LOS ANGELES -- A judge has overturned a nearly $10,000 small claims judgment against American Honda Motor Co. that had been won by a car owner who said the automaker misrepresented that her hybrid Civic could get 50 miles per gallon.
A court commissioner had awarded of $9,867 to Heather Peters. Superior Court Judge Dudley W. Gray II ruled Tuesday on Honda's appeal. The ruling was released Wednesday.
Ms. Peters had opted out of a class-action settlement giving some 200,000 owners between $100 and $200 each, plus a rebate if they buy a new Honda. She elected instead to sue the automaker on her own.
Ms. Peters, a lawyer, urged Honda owners to take the small-claims route as she did. Her initial success led some 1,700 hybrid owners to follow suit. The ruling by Judge Gray will not have a direct effect on any of those other cases. But a legal observer said it could pose a challenge to those pursuing small claims actions.
"I think it will make it harder for them to fight their case on an individual basis," said Aaron Jacoby, a class-action lawyer in Los Angeles not involved in the Honda case. The ruling is "not binding on another court, but it certainly is persuasive," he added.
Ms. Peters said she was disappointed but glad she had brought awareness about Honda. "They used to go the extra mile in customer service, now they go the extra mile fighting customers in court," she said in a statement on her Web site, dontsettlewithhonda.org.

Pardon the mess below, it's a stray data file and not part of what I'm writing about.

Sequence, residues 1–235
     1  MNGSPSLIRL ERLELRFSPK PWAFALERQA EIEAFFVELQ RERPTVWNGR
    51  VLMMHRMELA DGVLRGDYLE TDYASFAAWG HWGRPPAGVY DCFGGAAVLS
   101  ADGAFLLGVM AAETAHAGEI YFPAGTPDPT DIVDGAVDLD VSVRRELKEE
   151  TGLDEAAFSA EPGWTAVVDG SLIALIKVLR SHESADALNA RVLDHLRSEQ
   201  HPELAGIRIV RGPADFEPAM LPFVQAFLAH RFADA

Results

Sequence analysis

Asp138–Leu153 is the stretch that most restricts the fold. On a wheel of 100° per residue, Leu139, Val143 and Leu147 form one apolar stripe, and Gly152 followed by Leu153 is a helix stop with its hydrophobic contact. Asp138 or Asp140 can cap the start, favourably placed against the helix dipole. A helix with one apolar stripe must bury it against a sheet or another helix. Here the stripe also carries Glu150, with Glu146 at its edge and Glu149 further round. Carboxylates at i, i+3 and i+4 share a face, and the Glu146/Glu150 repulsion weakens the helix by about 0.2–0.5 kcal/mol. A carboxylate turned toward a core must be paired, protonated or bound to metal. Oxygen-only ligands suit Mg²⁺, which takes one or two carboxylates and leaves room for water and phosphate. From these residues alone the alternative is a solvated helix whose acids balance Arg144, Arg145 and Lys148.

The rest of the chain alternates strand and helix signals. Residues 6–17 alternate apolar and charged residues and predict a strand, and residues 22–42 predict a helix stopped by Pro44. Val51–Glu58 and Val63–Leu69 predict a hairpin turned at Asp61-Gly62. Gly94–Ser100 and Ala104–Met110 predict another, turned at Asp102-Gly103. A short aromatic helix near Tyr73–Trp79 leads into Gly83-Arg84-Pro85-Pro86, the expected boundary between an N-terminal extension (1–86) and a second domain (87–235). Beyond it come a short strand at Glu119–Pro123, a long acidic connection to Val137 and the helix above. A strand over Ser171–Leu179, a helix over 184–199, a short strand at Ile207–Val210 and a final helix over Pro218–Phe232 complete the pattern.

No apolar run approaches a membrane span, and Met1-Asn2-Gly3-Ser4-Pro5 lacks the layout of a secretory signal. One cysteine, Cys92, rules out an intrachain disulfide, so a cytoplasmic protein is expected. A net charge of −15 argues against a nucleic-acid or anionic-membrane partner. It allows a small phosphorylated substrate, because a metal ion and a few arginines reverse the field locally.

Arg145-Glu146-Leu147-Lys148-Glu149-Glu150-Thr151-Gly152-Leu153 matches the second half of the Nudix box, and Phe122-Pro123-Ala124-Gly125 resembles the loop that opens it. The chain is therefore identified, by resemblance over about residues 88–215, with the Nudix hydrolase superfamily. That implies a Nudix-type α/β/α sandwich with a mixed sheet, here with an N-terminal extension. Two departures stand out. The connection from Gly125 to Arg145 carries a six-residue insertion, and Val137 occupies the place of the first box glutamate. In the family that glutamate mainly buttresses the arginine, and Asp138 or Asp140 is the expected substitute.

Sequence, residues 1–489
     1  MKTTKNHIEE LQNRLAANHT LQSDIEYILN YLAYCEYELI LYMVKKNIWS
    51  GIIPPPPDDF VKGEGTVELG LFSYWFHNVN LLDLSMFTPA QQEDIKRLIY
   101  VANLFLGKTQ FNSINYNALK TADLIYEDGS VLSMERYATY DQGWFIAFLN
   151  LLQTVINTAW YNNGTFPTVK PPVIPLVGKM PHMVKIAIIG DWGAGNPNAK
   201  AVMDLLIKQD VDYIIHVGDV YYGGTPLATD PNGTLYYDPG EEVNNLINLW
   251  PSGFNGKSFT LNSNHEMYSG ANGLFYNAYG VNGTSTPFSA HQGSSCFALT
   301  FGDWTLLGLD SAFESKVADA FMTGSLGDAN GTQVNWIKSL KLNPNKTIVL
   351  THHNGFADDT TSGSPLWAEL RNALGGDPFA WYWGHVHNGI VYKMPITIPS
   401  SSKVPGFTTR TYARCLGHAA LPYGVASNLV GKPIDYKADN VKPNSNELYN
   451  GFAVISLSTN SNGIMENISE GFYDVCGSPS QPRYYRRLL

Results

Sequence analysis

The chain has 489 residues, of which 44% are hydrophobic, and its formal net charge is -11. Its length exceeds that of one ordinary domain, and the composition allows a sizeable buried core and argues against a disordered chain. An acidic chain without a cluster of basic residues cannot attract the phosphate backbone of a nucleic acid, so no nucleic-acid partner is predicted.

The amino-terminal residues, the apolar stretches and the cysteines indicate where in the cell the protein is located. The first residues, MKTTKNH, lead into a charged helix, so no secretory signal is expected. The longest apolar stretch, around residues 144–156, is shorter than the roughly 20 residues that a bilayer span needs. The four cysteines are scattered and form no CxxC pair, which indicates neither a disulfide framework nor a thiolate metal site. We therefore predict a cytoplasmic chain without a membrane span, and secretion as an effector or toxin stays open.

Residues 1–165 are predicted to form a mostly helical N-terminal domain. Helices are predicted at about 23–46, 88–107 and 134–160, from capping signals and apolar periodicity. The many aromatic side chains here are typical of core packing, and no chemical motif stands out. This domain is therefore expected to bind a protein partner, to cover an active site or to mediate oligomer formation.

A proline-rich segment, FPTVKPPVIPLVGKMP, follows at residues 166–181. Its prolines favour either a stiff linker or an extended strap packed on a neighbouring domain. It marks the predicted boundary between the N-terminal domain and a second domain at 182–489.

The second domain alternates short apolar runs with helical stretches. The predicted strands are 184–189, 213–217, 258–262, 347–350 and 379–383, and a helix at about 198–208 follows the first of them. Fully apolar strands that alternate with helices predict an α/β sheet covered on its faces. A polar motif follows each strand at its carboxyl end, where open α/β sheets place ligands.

Honda said in a statement that it was pleased with the ruling. "We are never satisfied when a customer is anything less than satisfied with one of our products, and the company does not relish the necessity to defend the truth in opposition to any of our customers," the statement said.
Judge Gray's ruling found, among other issues, that while Ms. Peters had standing to bring the case in state court, federal regulations govern fuel economy ratings posted on vehicles and related advertising claims. The ruling also said most owners of that type of car achieve fuel economy close to federal Environmental Protection Agency estimates.
In addition, the judge said EPA miles per gallon ratings are for comparison among vehicles and do not account for various factors that can affect mileage, such as the condition of the car or the length of the trip.
Ms. Peters argued that Honda knew it had problems with the hybrid cars but continued to advertise them as an alternative to high gas prices and a way to help the environment.
But Judge Gray said the automaker's advertising slogans "are not specific promises of anything."
Ms. Peters took her case to small claims court in January, saying her 2006 Civic was expected to get 50 mpg but barely got 30 mpg. She said she would not have bought the car if its mileage was advertised, and her purpose for taking Honda head on was to hold the automaker accountable for false advertising.
Her suit marked a unique end run around the class-action process that she said offered too little to Honda owners and too much to lawyers. Some analysts argue that consumers are fairly warned when they buy a car that their mileage may vary.